Lewis Hamilton won the Qatar GP to cut Max Verstappen's Formula 1 world driver's championship lead to 8 points with two races to go.
Lewis Hamilton made it two Formula 1 race wins in as many races with another victory in Qatar. However, the Qatar GP was an eventful race even though the winner was never really in doubt.
Hamilton’s clear pace advantage to the Red Bull’s of Max Verstappen and Sergio Perez remained intact on race day. Therefore, Mercedes were able to seal the win with minimal fuss and the deficit in the world driver’s championship is now just 8 points with 2 races remaining.
Given there’s a maximum of 52 points available in the remaining races, Mercedes will be quietly confident. Especially since the next circuit – another first-time race at Saudi Arabia – appears set to favour them, at least on first glance.
However, there was more at stake at Qatar than just the championship battles. How would Ferrari and McLaren fare in their battle for the ‘best of the rest’ tag? Would AlphaTauri or Alpine manage to get a significant advantage in their battle for fifth and sixth? And what about the other teams in the midfield?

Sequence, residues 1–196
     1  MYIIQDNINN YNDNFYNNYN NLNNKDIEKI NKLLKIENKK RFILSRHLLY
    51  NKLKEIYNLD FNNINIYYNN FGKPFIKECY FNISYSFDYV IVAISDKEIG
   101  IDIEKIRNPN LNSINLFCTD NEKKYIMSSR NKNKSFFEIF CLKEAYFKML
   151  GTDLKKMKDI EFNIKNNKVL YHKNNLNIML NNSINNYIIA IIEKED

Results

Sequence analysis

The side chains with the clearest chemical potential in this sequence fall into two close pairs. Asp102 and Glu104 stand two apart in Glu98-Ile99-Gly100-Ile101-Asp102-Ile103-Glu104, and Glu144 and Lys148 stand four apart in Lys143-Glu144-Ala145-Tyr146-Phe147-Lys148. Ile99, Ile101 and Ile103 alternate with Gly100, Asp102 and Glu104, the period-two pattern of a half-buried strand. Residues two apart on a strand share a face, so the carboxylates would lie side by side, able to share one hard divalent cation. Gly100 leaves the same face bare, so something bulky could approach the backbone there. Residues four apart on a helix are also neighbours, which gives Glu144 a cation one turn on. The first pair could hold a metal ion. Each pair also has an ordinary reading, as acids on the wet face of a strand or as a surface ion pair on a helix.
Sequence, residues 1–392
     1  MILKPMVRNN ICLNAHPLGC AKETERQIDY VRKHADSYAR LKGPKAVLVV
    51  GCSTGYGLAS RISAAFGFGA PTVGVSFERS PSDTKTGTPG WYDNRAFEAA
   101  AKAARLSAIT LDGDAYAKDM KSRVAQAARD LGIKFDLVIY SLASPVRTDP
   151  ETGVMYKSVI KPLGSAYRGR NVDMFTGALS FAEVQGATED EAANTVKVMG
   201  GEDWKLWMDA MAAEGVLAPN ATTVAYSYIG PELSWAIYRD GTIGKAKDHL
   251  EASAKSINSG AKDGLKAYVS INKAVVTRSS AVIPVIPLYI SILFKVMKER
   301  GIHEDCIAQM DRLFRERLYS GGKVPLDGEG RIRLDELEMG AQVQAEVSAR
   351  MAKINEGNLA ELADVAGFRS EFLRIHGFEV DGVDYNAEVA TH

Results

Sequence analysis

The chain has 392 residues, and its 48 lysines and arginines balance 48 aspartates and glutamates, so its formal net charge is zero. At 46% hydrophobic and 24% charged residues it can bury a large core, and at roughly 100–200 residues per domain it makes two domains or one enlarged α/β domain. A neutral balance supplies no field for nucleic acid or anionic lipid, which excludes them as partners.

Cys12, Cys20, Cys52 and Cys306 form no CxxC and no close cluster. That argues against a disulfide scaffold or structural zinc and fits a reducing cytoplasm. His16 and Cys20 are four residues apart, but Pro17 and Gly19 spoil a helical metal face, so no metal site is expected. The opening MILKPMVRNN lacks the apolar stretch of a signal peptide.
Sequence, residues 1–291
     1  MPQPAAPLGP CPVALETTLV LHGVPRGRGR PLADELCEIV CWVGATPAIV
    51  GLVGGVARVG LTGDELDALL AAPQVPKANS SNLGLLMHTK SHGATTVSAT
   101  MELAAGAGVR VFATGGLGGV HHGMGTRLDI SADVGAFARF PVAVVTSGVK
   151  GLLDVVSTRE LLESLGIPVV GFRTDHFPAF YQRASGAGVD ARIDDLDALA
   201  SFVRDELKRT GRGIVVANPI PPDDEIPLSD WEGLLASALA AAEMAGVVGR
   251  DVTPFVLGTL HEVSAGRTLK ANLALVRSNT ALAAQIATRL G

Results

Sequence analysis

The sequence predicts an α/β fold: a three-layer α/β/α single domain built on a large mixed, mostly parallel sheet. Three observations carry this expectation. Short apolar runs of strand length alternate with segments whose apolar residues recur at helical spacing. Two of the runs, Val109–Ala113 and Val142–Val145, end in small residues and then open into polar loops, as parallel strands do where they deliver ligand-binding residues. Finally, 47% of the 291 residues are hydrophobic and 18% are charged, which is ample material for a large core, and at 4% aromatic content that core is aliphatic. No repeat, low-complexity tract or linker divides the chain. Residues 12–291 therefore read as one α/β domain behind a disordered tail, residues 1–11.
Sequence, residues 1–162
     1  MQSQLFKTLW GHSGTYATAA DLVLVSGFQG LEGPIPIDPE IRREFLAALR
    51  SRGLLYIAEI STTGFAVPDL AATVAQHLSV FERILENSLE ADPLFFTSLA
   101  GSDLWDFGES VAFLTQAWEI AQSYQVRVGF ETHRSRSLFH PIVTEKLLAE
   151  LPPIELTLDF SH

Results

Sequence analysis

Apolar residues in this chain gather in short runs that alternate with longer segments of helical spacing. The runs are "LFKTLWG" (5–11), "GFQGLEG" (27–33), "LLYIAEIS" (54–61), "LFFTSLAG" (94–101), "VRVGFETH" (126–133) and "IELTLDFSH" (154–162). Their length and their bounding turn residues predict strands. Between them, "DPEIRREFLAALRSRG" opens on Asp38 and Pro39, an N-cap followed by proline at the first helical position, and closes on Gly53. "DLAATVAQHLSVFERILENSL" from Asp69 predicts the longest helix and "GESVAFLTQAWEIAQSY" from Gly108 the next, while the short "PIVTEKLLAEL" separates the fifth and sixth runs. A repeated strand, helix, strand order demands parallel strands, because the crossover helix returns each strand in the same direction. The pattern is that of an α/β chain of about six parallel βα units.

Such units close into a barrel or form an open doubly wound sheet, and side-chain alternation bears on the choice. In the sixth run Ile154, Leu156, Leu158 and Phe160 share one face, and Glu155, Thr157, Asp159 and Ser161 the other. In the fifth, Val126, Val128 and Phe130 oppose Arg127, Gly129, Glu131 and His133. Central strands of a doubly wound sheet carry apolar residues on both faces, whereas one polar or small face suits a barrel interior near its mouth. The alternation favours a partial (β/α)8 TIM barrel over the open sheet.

This, plus plenty of tyre drama, made for a pretty entertaining first-time race at the Losail International Circuit. And as always, there is plenty to talk about after the race.
— Formula 1 (@F1) November 21, 2021
So without further ado, let’s analyse the big takeaways from the 20th round of the 2022 F1 world championship.
Hamilton’s speed advantage over everyone else – especially Verstappen – was evident in qualifying. And as the race went on, in became clear that Red Bull would not be able to catch him on race pace either. They kept Verstappen on a two-stop but Mercedes, mindful of minimising the risk, mimicked their stop times and were able to comfortably keep Hamilton out.
Verstappen trailed Hamilton by at least 7-8 seconds for most of the race, such was Hamilton’s advantage once the race began. He was helped by Verstappen’s grid penalty before the race due to not obeying yellow flags in qualifying. But the key was their speed did not waver.
Thus, a title chase that looked lost after the Mexican GP is suddenly alive and kicking once again. It is still very much advantage Red Bull, since their car hasn’t suddenly gone bad. But it is a lot closer than they would have liked, and at this rate will likely go down to the final race.
It helps that Red Bull actually had a pretty fine race; indeed, as a team they had a better outing than Mercedes. Verstappen finished second and got an extra point for the fastest lap, whereas Sergio Perez finished fourth. Thus, while their lead in the driver’s championship dwindled, they also slashed Mercedes’ lead in the constructor’s championship.
Red Bull did not start the race in a great position; Perez was in 11th and Verstappen 7th after the aforementioned grid penalty. However, the Dutchman cut through the field with ease and Perez too just about missed out on a podium finish. There might have been better ways to handle Perez’s race, but for Verstappen they did the best they could.